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In first Boston Marathon, Williamstown planning board member finishes 20th in age group

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Stephanie Boyd
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Stephanie Boyd

On Monday, more than 25,000 runners from around the world flocked to Massachusetts for the Boston Marathon. Among them was Berkshire County resident Stephanie Boyd. In her first crack at the competition , the 61-year-old Williamstown planning board member placed 20th overall among some 450 people in her age group. WAMC caught up with Boyd today.

BOYD: I must say that Boston and their volunteers were absolutely amazing with all those people. We had to get up early in the morning and pack a bag with clothes for after the race that got dropped off. And then we got on a bus and we go to the athletes’ village, and it was just so amazingly well organized, and just a pleasure to be a part of.

WAMC: Was there a moment at any point along the way where you felt like, wow, I'm really having this quintessential moment at this iconic race here in Massachusetts?

Oh, for sure. You know, you're in this mob of runners at the beginning, you hardly even have room to move, but you eventually get going and space out. And there are so many iconic moments along the race, like near Wellesley College where all the young college students are out screaming. And then there were spots where three or four people from Williamstown were cheering me on. And when you get near the end, you just have this mantra in your head- Like, right on Hereford and left on Boylston, and then you're almost at the finish line. And it's really – I mean, you're exhausted, you feel like crying – but it's just really special to be a part of the day.

Now, I imagine you practice running out here in Western Massachusetts. Where are your Berkshire County spots to go for a run, Stephanie?

Well, I started running seriously during the COVID quarantine, and I love running on trails, which I think was helpful for Boston, because it's a hilly race, so. My favorite run is to go Hopkins Forest, up to the Taconic Ridge, and down Shepherd’s Whale Trail and back home. Training for the marathon, I did more work on the road so I could do some speed work, but I really like to be in the woods.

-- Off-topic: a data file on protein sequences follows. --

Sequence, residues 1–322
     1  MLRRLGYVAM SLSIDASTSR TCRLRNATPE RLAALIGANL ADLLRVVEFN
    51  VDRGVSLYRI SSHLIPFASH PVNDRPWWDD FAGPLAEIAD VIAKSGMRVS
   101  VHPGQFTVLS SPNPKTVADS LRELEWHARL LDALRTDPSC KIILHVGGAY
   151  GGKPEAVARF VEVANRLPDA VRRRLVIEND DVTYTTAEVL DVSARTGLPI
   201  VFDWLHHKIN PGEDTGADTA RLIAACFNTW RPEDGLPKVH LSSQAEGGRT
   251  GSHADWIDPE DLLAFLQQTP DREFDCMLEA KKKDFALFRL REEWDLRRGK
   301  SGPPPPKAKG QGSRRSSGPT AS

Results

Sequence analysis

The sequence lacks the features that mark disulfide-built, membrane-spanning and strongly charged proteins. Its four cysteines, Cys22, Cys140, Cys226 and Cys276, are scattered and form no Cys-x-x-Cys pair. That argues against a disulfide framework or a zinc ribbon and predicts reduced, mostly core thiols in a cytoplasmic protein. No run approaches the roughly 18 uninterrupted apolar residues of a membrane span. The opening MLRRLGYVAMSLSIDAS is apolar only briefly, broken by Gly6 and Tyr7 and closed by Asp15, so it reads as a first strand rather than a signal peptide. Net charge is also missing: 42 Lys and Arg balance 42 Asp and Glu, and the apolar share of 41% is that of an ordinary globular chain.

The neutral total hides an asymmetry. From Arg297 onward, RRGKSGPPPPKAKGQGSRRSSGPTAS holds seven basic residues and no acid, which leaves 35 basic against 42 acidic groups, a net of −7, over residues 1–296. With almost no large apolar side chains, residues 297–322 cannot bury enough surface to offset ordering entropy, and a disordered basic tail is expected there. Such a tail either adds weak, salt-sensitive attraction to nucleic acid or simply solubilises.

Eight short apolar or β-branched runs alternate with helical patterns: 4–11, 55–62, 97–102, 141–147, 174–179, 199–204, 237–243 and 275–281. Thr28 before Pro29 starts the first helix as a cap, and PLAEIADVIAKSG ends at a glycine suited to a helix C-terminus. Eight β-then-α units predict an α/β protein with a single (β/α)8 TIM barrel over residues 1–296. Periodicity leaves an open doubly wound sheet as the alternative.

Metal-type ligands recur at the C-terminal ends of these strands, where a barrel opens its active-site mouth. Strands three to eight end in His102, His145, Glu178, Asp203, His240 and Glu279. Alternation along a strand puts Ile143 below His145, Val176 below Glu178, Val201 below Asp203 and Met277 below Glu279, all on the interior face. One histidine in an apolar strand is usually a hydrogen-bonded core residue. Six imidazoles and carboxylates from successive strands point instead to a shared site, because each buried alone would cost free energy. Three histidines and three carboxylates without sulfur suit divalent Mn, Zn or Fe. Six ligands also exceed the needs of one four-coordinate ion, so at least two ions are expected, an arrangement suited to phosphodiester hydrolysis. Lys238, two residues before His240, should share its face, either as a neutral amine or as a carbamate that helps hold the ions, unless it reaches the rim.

Now, when it comes to the Boston Marathon route, was there a particular part that sort of took you by surprise, that took you aback either for its challenge or for its beauty or for some other interesting, idiosyncratic reason?

Well, it's a challenging race and that the first half is downhill. I mean, there is some up and down, but overall, it's downhill. And then from mile 16 to mile 21 is a group of hills that end with Heartbreak Hill, that, of course, we've all heard about. So just heading up to that and trying to anticipate how difficult that was going to be- In fact, I was so focused that my husband was standing on the side of the road cheering about two feet away, and I didn't even notice him.

Do you feel like you learned something from this experience?

Well, the overall experience of running has been quite amazing. The first time I did an official marathon was only six months ago in Albany at the Mohawk Hudson marathon and then I did the Philadelphia Marathon last November. And it's just been amazing to me that I could put my mind to something and work at it and, you know, do pretty well. And I hope that maybe is inspiring for other people that might have some physical dreams they want to do, or other things.

Josh Landes has been WAMC's Berkshire Bureau Chief since February 2018, following stints at WBGO Newark and WFMU East Orange. A passionate advocate for Western Massachusetts, Landes was raised in Pittsfield and attended Hampshire College in Amherst, receiving his bachelor's in Ethnomusicology and Radio Production. His free time is spent with his cat Harry, experimental electronic music, and exploring the woods.
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